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Setting the Weather in Motion

Dear <<First Name>>,

One thing about the weather is that its a force forever in motion. Just when things seem like they will settle down, a new brisk wind blows in to awaken the senses and the mind. Today, I feel that force anew. I woke this morning to an email telling me the MIT Technology Review Magazine decided to run with an article on our community as the lead story. WOW. To be highlighted in the "oldest technology magazine in the world" (according to Wikipedia, this journal has been in existence since 1899), is no small feat. You can read the article here.

From the picture above, its an impressive spread. More than once the headline reads, "It's time to start paying attention." But this is the quietest time of the solar cycle, when the ordinary world thinks our Sun is just a light-bulb in the sky. Why choose to run such a lead story now? No doubt, it's a bold move, but it shows just how far we have come. Erin Winick, the author, also made a bold move when she decided to make the focus about us creating the field of Space Weather Broadcasting. But that bold choice might have been the very thing that made it a lead story. Her article is empowering.  It speaks of the future and it feels like a brisk, forceful wind setting the weather in motion. We have become that force.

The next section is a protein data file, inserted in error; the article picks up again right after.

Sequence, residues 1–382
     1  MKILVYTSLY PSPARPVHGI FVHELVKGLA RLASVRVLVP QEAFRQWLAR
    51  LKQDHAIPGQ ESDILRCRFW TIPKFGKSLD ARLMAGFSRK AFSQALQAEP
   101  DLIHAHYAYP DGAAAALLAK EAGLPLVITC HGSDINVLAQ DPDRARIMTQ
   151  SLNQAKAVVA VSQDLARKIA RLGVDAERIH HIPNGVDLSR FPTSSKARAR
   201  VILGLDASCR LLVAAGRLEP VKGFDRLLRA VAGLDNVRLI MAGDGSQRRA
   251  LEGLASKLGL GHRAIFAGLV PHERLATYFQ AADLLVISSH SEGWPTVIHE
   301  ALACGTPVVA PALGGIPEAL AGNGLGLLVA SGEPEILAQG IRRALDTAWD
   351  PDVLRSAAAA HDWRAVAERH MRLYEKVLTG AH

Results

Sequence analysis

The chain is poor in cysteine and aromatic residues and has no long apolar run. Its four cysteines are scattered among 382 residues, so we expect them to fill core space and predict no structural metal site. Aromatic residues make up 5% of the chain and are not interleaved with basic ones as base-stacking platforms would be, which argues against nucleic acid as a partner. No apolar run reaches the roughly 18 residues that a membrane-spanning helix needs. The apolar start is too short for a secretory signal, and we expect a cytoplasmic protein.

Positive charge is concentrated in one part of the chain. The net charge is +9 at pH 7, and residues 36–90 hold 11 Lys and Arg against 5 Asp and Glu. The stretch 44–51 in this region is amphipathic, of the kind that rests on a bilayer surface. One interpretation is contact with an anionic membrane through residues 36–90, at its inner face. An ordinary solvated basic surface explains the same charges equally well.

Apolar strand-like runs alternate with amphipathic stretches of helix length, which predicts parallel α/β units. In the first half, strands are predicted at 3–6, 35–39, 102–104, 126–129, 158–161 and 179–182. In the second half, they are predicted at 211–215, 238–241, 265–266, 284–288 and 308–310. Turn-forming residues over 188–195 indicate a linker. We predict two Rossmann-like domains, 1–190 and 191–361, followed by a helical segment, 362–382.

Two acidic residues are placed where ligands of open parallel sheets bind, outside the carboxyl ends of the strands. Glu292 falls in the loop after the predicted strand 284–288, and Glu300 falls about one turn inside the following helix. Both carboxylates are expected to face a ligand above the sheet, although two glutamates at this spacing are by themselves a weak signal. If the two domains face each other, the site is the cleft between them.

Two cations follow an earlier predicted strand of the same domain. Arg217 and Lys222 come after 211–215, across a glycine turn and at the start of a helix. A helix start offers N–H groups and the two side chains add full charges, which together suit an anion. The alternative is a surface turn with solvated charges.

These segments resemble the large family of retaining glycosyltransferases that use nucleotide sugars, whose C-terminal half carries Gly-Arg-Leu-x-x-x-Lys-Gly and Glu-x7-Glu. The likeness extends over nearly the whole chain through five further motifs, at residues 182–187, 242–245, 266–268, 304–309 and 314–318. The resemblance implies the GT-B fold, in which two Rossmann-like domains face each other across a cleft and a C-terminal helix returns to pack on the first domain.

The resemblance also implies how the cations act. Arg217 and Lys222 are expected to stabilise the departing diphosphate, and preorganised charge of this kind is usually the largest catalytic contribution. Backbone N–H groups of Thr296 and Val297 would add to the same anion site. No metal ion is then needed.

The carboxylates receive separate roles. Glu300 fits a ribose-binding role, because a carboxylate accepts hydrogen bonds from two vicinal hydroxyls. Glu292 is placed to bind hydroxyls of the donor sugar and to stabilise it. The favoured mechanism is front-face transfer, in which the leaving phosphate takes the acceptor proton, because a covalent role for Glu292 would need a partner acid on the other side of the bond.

As for the forecast this week, we have two bright regions returning to Earth-view and they are boosting radio propagation on Earth's day side into the marginal range. Also, a stealthy solar storm recently launched towards Earth is expected to arrive around June 8. In addition to some small pockets of fast solar wind, this means we could see mild aurora and GPS disturbances at high latitudes over the next few days. But these conditions wont last long. In about a week, things will settle back down to quiet, leaving us to wait for another brisk wind that will once again set the weather in motion.

Coronal Hole, Bright Region Oreo: Solar Storm Forecast 06-05-2019
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